Our #inspirationalwomen marmalade makers! You can buy their beautiful marmalade now at F&M – link in my Instagram profile to the F&M online store, or at their Piccadilly flagship. So…a huge congratulations to our @fortnums @dalemainmansion #MarmaladeAwards very best-in-show home-made and the top gold commercial winners, here having their picture taken at the F&M breakfast (from left to right) Ikuko Tatsuta from Tatsuta Jam, Japan, (Top Gold Winner, Artisan Category, for her Yuzu Marmalade) Claire Plover from Galore Foods (Top Gold Winner, Artisan Category, for her Blood Orange Marmalade) Jo Aldhouse (Winner of the home-made Double Gold Dalemain Award, for her Nina Orange Marmalade with @Talisker Single Malt) Jane Hasell-McCosh, founder of the #MarmaladeAwards Sarah Churchill from @TheArtisanKitchen (Joint Double Gold Winner, Artisan Category, for her Seville Orange Aperol Marmalade) Clare Gault from Clare’s Preserves (Triple Gold Winner, Artisan Category, for her Pink Gin Marmalade; Seville Marmalade with Dartmoor Honey; and Lemon Dartmoor Honey & Ginger Marmalade) Lynne Allen from Lady Waterford Preserves (Joint Double Gold Winner, Artisan Category, for her Seville Orange & Beetroot Marmalade)
For 11 years now, celebrating home preserve making and raising money for charity have been – to put our goals in a “jam jar” – the aim of The Dalemain World Marmalade Awards. However, we’re also very proud that Britain’s most famous and respected grocer, Fortnum & Mason, help us to get our double-gold winning jars out to a wider audience. So each year the double-gold winner in the homemade category, alongside some of the very best of the commercial artisan category entries, are chosen to be sold at Fortnum’s iconic Piccadilly store. And for the homemade winner their marmalade is produced in small-batch quantities by Thursday Cottage. If you go to the Fortnum’s website you can see all of the jars on sale, and even buy them online.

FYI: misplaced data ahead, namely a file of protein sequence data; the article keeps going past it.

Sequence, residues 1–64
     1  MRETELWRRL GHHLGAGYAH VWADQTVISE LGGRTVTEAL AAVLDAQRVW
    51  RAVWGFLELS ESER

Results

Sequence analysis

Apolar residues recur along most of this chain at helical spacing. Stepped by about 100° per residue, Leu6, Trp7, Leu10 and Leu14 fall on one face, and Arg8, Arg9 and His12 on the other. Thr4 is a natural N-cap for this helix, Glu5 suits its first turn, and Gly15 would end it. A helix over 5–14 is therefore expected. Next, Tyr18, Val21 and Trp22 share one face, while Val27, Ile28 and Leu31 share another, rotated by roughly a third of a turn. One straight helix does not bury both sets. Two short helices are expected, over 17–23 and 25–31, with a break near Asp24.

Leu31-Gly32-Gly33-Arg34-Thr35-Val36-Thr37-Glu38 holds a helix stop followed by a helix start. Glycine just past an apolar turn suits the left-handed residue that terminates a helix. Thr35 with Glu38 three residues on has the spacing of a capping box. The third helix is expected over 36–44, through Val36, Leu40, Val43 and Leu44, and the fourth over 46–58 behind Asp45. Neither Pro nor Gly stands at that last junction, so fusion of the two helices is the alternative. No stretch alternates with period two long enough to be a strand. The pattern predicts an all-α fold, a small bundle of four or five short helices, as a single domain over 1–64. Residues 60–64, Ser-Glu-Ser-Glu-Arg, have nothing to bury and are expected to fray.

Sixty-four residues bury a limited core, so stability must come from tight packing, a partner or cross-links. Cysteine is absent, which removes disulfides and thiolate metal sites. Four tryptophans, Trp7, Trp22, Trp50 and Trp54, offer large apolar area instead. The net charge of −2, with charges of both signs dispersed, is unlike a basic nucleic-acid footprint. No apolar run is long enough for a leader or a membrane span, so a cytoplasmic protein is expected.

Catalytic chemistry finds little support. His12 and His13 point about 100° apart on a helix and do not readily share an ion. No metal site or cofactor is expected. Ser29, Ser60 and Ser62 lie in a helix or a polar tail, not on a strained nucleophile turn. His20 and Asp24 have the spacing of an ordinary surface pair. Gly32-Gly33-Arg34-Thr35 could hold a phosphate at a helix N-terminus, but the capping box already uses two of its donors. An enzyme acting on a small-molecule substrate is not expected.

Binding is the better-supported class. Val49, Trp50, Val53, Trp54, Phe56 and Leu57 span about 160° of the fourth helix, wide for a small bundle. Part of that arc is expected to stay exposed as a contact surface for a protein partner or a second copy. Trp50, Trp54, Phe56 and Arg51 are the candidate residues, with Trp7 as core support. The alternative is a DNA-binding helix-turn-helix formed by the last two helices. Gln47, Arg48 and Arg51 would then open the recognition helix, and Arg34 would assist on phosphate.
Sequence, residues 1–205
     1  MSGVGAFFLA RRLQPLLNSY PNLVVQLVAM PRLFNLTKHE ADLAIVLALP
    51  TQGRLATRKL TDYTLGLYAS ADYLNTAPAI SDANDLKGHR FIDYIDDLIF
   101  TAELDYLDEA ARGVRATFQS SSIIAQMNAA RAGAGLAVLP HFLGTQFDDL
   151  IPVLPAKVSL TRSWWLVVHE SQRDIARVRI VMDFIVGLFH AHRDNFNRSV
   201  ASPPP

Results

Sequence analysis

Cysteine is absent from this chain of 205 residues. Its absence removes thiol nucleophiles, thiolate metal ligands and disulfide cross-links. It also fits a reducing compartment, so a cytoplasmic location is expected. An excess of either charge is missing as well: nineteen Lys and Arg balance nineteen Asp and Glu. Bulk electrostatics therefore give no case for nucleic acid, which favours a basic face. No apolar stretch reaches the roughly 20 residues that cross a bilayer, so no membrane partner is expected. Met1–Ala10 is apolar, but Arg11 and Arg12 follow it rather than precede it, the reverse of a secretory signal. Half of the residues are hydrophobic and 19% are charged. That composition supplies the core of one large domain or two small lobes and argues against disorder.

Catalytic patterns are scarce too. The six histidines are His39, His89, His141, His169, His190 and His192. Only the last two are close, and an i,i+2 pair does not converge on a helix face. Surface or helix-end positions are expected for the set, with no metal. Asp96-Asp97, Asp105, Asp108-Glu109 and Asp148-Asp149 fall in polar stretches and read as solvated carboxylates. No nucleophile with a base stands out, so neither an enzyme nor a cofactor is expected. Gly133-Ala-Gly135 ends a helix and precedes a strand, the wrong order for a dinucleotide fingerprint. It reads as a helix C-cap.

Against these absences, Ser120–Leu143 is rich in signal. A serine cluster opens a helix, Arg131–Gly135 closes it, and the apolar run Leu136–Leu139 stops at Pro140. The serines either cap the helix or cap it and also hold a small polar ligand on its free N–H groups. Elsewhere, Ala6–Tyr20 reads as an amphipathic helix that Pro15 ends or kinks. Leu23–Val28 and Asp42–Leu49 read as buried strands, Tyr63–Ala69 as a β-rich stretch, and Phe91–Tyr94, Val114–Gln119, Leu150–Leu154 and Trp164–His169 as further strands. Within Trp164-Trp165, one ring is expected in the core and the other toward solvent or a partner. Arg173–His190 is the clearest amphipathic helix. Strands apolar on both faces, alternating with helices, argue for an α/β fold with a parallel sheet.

Something you may not know is that Fortnum’s has a very long history of supporting artisan food makers, long before it became fashionable, and arguably right from their beginning in 1707. When I really got into my baking groove in the late 1990s, I worked at a place called Baker & Spice (back then in Chelsea’s Walton Street), and it was Fortnums that approached us at the beginning, before anyone else had noticed, to supply them with freshly baked outstanding croissants, brioche, sourdough and baguettes. What ingredients we used, what methods were involved, all of this was utterly important to them and still today it’s deeply reassuring to know that their values haven’t changed.
The jars on sale at Fortnums are a brilliant way to showcase Britain’s skilled and dedicated home and small-producer marmalade making, and huge success with visitors to the store – especially from overseas – want want to take home an equally iconic British preserve. So tucked away in their luggage is often one of our winners jars, and it’s sweet to know that right now, somewhere around the world, those jars and the marmalade they contain is being enjoyed today.